The company’s decision

Alex received feedback from his Human Resources Department, informing him that his application for maternity leave was rejected in terms of the company’s policy and the BCEA, as neither provides for the issuing of maternity leave for surrogate parents. As a counter offer Alex was offered and subsequently accepted two months paid adoption leave and two months’ unpaid leave.

Alex referred the dispute to the CCMA on the basis of unfair discrimination, because his company refused to grant his application for maternity leave due to the fact that he is not the biological mother of his child. They further argued that a commissioning parent party to a surrogacy agreement is not entitled, in terms of their company policy, to the full and due four months paid leave as females are under the same policy.

Alex was not at all satisfied with the treatment received by his company and he felt that he has been discriminated against, as the Children’s Act and the Civil Union Act both recognised his status and rights as a commissioning parent. There was therefore no excuse as to why his company and the BCEA should not recognise it as well.

The CCMA, upon hearing the matter, established that Alex’s company’s policies were similar but more stringent than the BCEA in that they provided separately for adoption leave as offered to Alex and Ben, and not at all for surrogacy rights to leave. Furthermore, it came to light that due to recent legislative developments as mentioned above, there was no reason why Alex should not be entitled to maternity leave and that such maternity leave should be granted for the full and/or same period as any other mother is entitled to.

Upon hearing submissions from Alex, Ben and Alex’s employer the CCMA decided that by refusing Alex’s application for maternity leave Alex was unfairly discriminated against by the company in its implementation and structure of its archaic maternity leave policy.

The result

The CCMA ordered that Alex be paid an amount equivalent to two months’ salary for the previously granted unpaid leave. In addition, Alex’s company must recognise the status of parties to a civil union and not discriminate against the rights of commissioning parents who have entered into a surrogacy agreement, in applying its maternity leave policy. The company was also ordered to pay Alex’s costs of having to bring this application.

Legislative intervention is needed in this regard in order to adequately and undeniably address the rights of commissioning parents to maternity leave. This case pertained to company policies and was addressed as such, but Alex and Ben initially sought relief for themselves and other similarly placed applicants so as to prevent unfair discrimination against them in this regard.

References:

  • [1] Act 17 of 2006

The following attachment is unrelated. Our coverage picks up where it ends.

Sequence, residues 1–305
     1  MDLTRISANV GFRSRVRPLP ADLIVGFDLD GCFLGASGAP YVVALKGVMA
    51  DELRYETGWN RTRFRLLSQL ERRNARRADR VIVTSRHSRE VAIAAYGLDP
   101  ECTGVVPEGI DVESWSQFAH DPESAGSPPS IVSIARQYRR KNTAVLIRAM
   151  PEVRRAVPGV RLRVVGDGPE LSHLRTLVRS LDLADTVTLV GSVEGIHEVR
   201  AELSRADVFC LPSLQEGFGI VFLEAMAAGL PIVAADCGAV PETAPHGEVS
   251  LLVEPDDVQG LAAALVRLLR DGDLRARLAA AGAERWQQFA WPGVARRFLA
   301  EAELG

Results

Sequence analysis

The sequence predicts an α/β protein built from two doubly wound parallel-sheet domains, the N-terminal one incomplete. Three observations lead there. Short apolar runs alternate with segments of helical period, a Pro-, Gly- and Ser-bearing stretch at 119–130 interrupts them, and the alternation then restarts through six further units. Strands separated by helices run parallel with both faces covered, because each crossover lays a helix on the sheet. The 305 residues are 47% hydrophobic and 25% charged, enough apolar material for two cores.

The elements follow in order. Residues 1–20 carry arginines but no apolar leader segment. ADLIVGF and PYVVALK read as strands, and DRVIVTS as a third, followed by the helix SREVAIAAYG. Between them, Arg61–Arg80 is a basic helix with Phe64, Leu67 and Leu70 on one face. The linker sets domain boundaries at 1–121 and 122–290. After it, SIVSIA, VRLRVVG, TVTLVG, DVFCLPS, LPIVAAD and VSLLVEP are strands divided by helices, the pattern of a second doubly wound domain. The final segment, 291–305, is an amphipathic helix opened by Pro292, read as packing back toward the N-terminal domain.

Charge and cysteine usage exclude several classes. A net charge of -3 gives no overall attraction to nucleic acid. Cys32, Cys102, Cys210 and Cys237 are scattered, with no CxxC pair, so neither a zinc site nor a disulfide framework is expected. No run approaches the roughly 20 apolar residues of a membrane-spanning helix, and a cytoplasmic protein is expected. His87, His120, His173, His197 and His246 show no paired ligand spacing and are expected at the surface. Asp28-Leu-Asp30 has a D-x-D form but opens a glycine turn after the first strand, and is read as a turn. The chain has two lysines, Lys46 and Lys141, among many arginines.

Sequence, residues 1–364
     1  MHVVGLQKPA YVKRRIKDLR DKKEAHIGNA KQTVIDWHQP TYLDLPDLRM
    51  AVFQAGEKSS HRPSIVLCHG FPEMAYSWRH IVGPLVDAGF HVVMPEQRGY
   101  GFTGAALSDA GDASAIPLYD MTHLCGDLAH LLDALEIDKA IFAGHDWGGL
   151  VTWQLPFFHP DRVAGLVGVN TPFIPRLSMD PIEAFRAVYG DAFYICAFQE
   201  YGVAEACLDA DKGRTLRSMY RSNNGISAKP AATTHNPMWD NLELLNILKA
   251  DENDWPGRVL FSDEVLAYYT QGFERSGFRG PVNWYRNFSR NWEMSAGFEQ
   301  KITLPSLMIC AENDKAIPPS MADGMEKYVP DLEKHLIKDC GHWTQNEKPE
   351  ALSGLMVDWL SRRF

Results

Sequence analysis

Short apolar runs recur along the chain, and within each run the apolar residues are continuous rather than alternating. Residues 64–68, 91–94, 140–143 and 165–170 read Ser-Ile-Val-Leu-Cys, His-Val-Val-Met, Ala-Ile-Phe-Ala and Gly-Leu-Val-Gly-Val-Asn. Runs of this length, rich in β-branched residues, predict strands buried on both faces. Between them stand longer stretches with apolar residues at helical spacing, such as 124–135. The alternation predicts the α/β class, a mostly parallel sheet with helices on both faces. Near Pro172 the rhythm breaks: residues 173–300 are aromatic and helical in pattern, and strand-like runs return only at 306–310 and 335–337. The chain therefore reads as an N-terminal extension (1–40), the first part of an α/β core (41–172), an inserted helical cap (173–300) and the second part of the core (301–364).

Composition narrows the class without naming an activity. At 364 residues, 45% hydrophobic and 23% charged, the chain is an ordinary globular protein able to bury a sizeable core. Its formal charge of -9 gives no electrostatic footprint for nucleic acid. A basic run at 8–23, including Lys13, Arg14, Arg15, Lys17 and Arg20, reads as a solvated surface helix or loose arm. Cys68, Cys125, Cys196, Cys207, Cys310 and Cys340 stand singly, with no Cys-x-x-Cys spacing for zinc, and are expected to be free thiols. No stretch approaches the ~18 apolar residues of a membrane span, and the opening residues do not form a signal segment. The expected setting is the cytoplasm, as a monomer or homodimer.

• [2] Act 38 of 2005; Chapter 19
  • [3] Act 75 of 1997; Section 25 (hereinafter BCEA)

This article is a general information sheet and should not be used or relied on as legal or other professional advice. No liability can be accepted for any errors or omissions nor for any loss or damage arising from reliance upon any information herein. Always contact your legal adviser for specific and detailed advice. Errors and omissions excepted (E&OE)

Discrimination against pregnant women in the workplace

A3_bEmployees are often faced with a difficult situation in the workplace when falling pregnant. Many establishments react unfavourably towards female employees that fall pregnant. These employees are often discriminated against in various direct and indirect manners. There are, however, clear provisions that protect employees in these situations which employees should familiarise themselves with.

There are different ways in which employees can be discriminated against in the workplace due to the fact that the employee has fallen pregnant. These forms of discrimination have different degrees of disadvantage towards the employee. It can range from having her contract terminated, being treated badly, being verbally abused or being ridiculed because she has fallen pregnant.

As a point of departure, it is stated in Section 9(3) of the Constitution of the Republic of South Africa[1], that nobody may be discriminated against based on the fact that they are pregnant. It is therefore a constitutional right for an employee not to be discriminated against in any form or manner because of her pregnancy. This right is further confirmed by Paragraph 4.2 of the Code of Good Practice on the Protection of Employees during Pregnancy[2].

The most severe form of discrimination against an employee is the dismissal of an employee due to the fact that she has fallen pregnant. The Labour Relations Act [3] specifically mentions that an employer is not entitled to dismiss an employee due to her pregnancy. However, there are various other ways of discriminating against a pregnant employee that should be noted.

Employees should be mindful of more subtle forms of discrimination, such as contracts not being renewed when it was earlier apparent that it would have been, or where a promotion is not granted to an employee purely because she has fallen pregnant at a certain time. Whenever an employee can prove that there was a direct link between any disadvantage and her pregnancy, she will most likely be entitled to the appropriate remedy. Employees are further entitled to a certain amount of unpaid maternity leave and will be entitled to insist on it.